Glasses vs. Contact Lenses: Pros and Cons

Contact Lenses Blog Archives, Glasses

Are you torn between wearing glasses or contact lenses?

In the UK, approximately 77% of women and 68% of men stated that they wear contacts or glasses to correct their vision.

When considering vision correction options, glasses and contact lenses are the most popular solutions. However, it is important to weigh out the pros and cons of each so you can make an informed decision that suits you and your lifestyle.

So, if you’re on a vision correction journey, this blog will discuss the advantages and disadvantages of both glasses and contact lenses.

Prescription glasses

The first recorded invention of glasses was around 1290, in Italy, and since then, glasses have revolutionised the way we see the world (pardon the pun). And although they have many pros, there are a few reasons why glasses might not work for you.

Pros of prescription glasses

Ease of use

Some people who need help with their vision don’t have to wear glasses all the time and may simply require reading glasses. For example, some people only need them occasionally, like when they’re driving at night, using a computer or reading. Glasses are handy because you can easily put them on and take them off, unlike contacts, which you usually wear all day long. They also carry no risk of infection and can act as a barrier for your eyes from foreign particles.

Fashion accessory

Besides their vision correction abilities and practical use purposes, glasses can be a reflection of your personality. With a wide range of styles and designs, glasses are a fashion statement, an extension of your outfit and you can have a pair for every style!

Minimal maintenance

Keeping up with contact lenses can be challenging. Monthly lenses need to be cleaned every day, while daily lenses require a clean environment to put them in your eye. On the other hand, glasses require minimal upkeep – just put them on and clean them with a solution and cloth when needed.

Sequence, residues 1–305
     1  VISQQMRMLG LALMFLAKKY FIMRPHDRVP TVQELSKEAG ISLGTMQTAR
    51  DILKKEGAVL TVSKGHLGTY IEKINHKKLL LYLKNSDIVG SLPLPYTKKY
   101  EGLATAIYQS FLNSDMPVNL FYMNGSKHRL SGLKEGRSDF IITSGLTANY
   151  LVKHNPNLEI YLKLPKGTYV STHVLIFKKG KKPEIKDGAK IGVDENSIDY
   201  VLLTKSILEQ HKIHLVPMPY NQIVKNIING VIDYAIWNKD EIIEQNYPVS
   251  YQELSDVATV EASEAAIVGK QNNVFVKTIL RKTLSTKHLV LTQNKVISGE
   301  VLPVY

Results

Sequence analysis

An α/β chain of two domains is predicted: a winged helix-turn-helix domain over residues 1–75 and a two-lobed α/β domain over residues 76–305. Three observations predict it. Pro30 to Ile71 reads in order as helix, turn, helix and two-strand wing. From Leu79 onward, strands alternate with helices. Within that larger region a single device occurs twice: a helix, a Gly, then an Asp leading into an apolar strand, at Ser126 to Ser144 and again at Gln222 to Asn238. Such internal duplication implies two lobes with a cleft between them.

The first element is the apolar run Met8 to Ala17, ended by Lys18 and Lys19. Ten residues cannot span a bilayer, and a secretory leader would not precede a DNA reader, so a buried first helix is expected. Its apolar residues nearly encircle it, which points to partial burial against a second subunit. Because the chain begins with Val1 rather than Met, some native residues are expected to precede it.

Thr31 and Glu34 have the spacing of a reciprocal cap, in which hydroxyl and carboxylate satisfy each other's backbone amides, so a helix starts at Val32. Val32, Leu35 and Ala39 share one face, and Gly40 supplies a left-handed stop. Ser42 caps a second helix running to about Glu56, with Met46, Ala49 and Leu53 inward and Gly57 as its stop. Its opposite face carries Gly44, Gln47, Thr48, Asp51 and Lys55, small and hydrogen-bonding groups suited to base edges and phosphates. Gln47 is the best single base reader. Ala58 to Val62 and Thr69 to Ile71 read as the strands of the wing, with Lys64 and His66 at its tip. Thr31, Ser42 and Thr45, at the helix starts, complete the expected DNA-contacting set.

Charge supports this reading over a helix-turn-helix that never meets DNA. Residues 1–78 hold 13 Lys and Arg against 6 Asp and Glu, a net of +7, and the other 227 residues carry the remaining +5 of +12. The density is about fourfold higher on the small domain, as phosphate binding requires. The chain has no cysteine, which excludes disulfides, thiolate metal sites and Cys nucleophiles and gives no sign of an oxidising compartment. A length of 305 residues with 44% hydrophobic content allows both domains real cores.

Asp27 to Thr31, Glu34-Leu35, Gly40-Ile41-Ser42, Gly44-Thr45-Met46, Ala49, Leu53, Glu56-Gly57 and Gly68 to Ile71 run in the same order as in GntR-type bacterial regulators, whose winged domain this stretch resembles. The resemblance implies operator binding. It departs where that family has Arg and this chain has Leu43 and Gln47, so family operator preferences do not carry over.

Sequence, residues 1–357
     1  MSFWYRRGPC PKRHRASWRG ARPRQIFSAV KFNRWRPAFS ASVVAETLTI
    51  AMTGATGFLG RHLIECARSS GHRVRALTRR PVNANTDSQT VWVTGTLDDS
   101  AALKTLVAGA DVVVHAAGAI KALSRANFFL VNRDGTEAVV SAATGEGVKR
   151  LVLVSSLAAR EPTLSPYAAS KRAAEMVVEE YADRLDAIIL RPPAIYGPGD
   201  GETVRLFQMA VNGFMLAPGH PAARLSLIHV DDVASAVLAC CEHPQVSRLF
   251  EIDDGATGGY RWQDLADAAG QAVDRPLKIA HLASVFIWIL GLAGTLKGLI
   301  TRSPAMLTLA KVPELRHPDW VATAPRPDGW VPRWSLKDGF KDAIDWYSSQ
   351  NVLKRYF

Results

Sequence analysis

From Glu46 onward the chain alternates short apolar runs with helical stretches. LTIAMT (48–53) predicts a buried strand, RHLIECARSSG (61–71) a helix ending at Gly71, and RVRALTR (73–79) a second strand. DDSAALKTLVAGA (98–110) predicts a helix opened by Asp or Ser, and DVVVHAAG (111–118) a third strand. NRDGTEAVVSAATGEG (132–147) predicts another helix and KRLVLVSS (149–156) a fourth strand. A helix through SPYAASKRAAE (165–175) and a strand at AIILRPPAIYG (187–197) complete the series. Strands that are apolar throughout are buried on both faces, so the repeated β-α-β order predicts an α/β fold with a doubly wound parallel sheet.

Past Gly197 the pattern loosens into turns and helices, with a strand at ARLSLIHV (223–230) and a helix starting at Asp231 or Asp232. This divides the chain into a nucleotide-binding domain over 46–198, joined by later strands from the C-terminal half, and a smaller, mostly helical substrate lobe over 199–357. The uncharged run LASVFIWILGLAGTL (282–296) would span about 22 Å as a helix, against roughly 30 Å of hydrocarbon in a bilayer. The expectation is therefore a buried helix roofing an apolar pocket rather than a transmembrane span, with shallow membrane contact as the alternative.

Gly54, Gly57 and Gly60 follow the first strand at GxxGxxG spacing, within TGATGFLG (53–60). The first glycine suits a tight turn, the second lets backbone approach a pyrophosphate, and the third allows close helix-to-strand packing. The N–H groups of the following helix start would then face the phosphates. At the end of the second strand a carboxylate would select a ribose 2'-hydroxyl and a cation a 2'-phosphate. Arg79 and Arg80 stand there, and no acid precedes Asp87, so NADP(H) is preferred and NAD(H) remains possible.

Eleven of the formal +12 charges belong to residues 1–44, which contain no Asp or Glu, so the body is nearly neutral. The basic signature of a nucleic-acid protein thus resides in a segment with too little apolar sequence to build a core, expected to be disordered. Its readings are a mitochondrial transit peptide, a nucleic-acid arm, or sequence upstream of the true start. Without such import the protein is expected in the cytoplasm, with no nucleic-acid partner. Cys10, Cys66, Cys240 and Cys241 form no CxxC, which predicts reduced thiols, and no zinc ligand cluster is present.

Cost-effective

Over time, glasses often work out to be more budget-friendly because they don’t need regular replacements. You can hang onto a pair of glasses for a while and only update the lenses when your prescription changes. , here at Safarain and Simon we can replace your lenses but you can keep your frame! Most opticians will require you leave the frame with the opticians for at least one week, we have the right technology to avoid this inconvenience.

Suitable for eye conditions

Glasses are ideal for individuals with active lifestyles who prefer low-maintenance eye correction. They are also suitable for those with eye conditions such as sensitive or dry eyes, which may worsen with contact lens wear.

Cons of prescription glasses

Peripheral vision

When you wear glasses, sometimes peripheral vision is a little impaired. Although this may not impact day-to-day activities, it can still pose challenges in activities such as sports. If you play regular sports or work in a physically active environment, you may find contacts are more suited to you.

Distortion

Some wearers might notice distortion because of thicker lenses, particularly in stronger prescriptions. This can affect the appearance of your eyes, potentially making them appear larger or smaller, which could be a concern for some wearers.

Fogging

Entering a warm room after being outside in the cold can cause glasses to fog up, leading to impaired visibility. This can also lead to feelings of embarrassment for some people.

Slippage

Over time, glasses can loosen and slip down your face, which can be frustrating for various reasons, especially if your job involves looking down frequently. You may need to visit the optometrist to get them fixed.

Contact lenses